Trying to work out the best way to shift those extra festive pounds ready for the New Year? Well, look no further; Mayo Clinic physicians say that low-carb diets are slightly better than low-fat diets for weight loss in the short-term.
Dieting: it is something many people will be considering in the New Year; but the plethora of diet advice available out there can be confusing and contradictory.
That’s why the Mayo Clinic in Arizona set out to see which of the so-called ‘low-carb’ diets in the weight loss market is the most effective and, more importantly, how safe they all are.
Their analysis of some 41 trials that evaluated the weight loss effects of low-carb diets found that individuals lost between 2.5-9 more pounds than individuals who followed a low-fat diet in the short term.
When the low-carb diet was compared with other diets, such as a low-fat diet, it was found to be more effective for weight loss without adverse effects on blood glucose, blood pressure and cholesterol.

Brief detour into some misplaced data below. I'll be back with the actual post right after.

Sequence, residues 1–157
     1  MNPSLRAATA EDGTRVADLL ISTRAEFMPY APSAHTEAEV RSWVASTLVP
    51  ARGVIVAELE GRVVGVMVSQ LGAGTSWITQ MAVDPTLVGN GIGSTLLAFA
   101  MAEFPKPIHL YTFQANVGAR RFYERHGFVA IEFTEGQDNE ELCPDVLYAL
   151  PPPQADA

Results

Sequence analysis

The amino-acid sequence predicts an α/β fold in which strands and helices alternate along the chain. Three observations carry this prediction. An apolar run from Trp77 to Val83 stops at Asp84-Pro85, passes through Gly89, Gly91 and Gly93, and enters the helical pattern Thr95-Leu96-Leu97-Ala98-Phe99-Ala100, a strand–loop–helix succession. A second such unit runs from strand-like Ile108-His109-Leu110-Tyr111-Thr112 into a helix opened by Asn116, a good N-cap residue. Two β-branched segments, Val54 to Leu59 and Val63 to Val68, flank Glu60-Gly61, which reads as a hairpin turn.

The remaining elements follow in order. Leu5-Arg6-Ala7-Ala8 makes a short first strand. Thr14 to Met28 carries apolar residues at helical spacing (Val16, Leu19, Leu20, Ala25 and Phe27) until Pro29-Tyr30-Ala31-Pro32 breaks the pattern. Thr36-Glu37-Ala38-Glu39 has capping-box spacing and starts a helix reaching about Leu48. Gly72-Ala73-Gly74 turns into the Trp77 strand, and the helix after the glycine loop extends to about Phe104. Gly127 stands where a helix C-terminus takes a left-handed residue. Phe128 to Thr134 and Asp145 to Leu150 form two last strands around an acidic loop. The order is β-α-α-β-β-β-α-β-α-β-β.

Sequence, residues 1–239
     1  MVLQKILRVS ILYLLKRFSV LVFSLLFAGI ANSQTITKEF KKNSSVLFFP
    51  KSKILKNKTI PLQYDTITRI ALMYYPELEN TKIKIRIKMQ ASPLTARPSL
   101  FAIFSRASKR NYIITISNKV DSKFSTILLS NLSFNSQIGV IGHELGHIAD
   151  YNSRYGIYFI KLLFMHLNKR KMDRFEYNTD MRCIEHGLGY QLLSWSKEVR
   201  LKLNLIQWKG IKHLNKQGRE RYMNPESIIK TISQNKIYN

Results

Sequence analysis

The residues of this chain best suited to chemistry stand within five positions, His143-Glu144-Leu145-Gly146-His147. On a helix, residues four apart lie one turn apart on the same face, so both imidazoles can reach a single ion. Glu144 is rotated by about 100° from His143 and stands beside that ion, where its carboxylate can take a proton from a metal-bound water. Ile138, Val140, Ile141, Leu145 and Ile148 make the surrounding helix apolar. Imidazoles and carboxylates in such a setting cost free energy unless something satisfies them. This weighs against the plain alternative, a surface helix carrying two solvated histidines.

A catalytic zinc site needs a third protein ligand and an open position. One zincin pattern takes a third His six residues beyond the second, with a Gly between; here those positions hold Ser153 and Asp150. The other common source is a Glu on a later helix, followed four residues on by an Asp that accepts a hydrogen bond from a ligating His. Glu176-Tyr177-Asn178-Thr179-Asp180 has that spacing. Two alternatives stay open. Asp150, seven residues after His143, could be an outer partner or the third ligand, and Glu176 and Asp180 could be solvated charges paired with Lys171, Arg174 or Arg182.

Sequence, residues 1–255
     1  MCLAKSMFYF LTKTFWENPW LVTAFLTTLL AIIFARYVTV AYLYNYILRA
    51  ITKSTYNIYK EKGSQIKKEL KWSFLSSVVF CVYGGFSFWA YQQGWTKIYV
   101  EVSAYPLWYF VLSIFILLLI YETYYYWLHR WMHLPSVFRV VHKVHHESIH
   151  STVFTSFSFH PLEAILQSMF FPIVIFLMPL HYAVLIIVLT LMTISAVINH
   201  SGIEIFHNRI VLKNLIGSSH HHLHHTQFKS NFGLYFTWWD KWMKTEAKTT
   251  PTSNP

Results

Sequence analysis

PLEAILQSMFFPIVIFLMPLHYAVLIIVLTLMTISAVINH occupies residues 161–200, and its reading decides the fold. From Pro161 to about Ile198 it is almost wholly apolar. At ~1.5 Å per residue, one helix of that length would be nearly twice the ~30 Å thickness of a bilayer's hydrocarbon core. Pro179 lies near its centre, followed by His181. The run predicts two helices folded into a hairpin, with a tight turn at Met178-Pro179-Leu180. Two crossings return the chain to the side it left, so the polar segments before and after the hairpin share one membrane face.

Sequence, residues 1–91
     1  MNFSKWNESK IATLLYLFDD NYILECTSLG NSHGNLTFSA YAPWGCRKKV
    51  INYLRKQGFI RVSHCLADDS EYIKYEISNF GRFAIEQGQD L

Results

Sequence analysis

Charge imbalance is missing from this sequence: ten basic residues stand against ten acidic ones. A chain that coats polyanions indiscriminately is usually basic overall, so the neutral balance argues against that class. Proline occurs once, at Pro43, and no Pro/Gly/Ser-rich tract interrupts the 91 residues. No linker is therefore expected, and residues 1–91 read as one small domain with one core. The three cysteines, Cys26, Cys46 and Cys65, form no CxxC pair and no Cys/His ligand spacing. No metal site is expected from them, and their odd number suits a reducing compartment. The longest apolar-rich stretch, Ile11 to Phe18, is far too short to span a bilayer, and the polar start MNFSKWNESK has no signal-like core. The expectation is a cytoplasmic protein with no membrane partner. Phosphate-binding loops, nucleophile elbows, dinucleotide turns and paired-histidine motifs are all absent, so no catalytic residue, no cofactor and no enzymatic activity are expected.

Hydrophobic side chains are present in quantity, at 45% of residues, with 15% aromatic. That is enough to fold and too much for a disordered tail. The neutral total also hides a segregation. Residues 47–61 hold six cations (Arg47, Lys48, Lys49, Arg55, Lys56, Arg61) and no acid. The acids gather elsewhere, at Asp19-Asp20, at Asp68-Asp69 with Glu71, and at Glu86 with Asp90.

"Physicians must keep in mind that the literature is surprisingly limited, considering the popularity of these diets. Our review found no safety issues identified in the current literature, but patients considering low-carb diets should be advised there is very little data on long-term safety and efficacy." Said Dr. Heather Fields, an internal medicine physician at Mayo Clinic and lead researcher on this study.
“Also, weight loss is small and of questionable clinical significance in comparison to low-fat diets. We encourage patients to eat real food and avoid highly processed foods, especially processed meats, such as bacon, sausage, deli meats, hot dogs, and ham when following any particular diet,” she added.
This is the biggest warning to come out of the research and it’s because when people are following low-carb diets they tend to eat more meat, and this could increase their risk of death from all causes, including cancer, especially if they consume a lot of processed meat.
Finally, Dr. Tiffany Lowe-Payne, an osteopathic family physician, points out that several factors can affect a person's success with weight loss, including genetics, personal history, and their ability to stick to the diet.
"As an osteopathic physician, I tell patients there is no one-size-fits-all approach for health. When you think of what dieters want, and what they need to stay motivated, it is the satisfaction of results. They want to see significant weight loss and fast. For many, a low-carb lifestyle provides the answer they are looking for."
Dr. Lowe-Payne recognizes that carbohydrates make up a considerable part of many people's diets. However, she also highlights that after 6 months, weight loss is virtually the same for individuals regardless of whether they are on a low-carb or low-fat diet.